How to Watch the Lyrid Meteor Shower When It Passes Through the Night Sky

Sunday, 15 April 2018 - 11:06AM
Space
Earth
Sunday, 15 April 2018 - 11:06AM
How to Watch the Lyrid Meteor Shower When It Passes Through the Night Sky
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Flickr/NASA on the Commons
For the rest of April, you'll have a good chance of seeing some shooting stars as the Lyrid meteor shower comes through this year.

Just like every April, the Lyrid shower will peak around April 22-23, and a few hours before dawn will be your best bet at seeing it if you're willing to get up early (or stay up late). But you'll have multiple chances to see it before then, as the shower starts as early as tomorrow evening on April 16, 2018, and lasts until April 25, 2018.

Assuming you're in low light conditions - i.e. outside the city, if you're an urban stargazer then you've made this trip before - and in a spot with no clouds, then you can expect to see about 10 to 20 meteors per hour during the peak, and the waxing moon should be setting early the night of April 22 which should even further reduce light pollution.



So long as the night sky conditions are good, it shouldn't matter too much where in the world you are. The Lyrid shower gets its name from the constellation Lyra, the harp, and so long as you can find that in the Eastern sky, the meteor shower just happens to radiate out from near this constellation. 

Of course, meteors will be falling all over the sky, but finding Lyra or its brightest star, Vega, is a good way to figure out how much of the shower you can see. Vega is one of the brightest stars in the northern hemisphere and it's blue-white in color, with a small parallelogram of stars condensed around it (this would be the cosmic harp), so keep an eye out for that.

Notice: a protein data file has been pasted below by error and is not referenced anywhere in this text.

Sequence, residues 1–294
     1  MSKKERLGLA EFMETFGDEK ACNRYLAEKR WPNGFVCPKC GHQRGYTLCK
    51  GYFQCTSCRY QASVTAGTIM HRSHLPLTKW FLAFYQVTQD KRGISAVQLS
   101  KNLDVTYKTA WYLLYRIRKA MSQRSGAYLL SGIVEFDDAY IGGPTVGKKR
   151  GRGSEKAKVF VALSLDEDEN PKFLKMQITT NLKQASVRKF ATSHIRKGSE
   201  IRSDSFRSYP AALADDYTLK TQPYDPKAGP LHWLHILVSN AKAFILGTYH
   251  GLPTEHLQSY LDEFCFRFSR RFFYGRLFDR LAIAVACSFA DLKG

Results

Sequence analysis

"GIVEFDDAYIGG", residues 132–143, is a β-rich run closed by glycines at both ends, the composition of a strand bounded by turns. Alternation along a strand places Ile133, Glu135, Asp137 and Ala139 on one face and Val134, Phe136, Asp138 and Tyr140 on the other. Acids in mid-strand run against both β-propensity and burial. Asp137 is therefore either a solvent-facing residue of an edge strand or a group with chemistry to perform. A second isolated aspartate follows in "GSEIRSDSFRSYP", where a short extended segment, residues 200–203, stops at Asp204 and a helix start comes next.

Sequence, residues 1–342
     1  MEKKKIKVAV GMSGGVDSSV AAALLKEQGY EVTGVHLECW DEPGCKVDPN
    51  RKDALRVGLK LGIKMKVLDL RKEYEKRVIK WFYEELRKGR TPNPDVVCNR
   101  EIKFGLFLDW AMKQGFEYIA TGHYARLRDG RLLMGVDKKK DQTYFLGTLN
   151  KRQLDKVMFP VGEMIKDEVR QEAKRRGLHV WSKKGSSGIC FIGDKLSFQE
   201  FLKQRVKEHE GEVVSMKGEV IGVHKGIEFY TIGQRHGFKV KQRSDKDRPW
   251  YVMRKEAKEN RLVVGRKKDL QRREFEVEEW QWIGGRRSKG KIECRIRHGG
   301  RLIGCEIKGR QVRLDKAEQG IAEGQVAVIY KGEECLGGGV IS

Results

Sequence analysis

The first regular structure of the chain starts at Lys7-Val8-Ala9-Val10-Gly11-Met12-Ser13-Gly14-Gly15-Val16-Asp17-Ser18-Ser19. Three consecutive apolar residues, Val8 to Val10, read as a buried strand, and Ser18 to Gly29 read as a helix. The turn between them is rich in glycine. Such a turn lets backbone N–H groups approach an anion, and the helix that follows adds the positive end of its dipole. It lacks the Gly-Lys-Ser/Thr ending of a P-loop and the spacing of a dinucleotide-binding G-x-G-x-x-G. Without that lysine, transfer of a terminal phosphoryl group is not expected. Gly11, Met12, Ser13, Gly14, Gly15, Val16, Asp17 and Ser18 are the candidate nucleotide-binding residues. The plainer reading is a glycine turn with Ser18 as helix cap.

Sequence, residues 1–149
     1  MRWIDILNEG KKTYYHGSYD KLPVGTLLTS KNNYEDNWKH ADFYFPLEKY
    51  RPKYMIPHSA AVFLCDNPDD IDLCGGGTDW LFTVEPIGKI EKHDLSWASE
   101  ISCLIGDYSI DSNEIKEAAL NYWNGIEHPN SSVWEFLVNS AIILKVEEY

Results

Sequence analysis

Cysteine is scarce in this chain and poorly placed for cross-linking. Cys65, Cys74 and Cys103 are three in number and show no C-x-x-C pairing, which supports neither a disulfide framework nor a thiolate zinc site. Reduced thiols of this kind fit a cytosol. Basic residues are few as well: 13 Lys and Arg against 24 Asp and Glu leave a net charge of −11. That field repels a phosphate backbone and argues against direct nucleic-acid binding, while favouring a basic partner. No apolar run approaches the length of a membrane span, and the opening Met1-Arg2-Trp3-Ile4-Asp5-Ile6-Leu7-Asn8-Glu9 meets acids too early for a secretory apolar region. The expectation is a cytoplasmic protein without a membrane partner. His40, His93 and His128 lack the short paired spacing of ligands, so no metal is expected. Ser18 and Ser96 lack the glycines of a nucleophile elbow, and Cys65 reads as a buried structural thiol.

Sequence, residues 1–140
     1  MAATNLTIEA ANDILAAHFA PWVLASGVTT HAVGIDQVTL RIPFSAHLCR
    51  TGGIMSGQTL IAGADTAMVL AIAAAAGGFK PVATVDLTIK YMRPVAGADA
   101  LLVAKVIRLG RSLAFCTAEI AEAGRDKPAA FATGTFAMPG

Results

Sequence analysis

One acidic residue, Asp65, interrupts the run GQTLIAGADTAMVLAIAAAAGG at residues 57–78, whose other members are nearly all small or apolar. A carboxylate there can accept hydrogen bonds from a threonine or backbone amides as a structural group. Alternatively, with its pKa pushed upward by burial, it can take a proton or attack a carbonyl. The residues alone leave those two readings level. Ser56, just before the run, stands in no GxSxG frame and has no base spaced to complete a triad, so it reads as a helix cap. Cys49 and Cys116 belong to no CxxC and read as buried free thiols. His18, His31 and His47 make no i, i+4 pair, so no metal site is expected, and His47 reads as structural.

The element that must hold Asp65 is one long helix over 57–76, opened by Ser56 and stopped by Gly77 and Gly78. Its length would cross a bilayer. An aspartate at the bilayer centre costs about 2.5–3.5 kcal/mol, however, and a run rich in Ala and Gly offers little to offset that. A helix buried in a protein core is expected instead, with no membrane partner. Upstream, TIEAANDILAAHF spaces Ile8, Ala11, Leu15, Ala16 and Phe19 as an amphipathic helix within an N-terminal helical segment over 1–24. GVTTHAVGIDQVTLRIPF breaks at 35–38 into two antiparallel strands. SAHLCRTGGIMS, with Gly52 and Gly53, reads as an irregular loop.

Part of the reason that the Lyrid shower is so consistent each year is all of the meteors are tiny fragments of the Comet Thatcher (officially named C/1861 G1), which has a steady orbit through the solar system and leaves a large mass of particles the Earth frequently passes through. The comet itself has an orbit of 415 years, and was last seen in full on 1861, so don't expect that to find that this month. That'll require a couple hundred more years of patience, but keep an eye out for that one in the year 2276.

Slightly more common are outbursts of Lyrid meteors, which have happened in a handful of years but aren't expected this year. During outbursts, you can see up to 100 Lyrid meteors every hour during the peak. 

But as always, the Lyrid meteors will still be an impressive sight under normal conditions, so do try to go see them one night if you get the chance.
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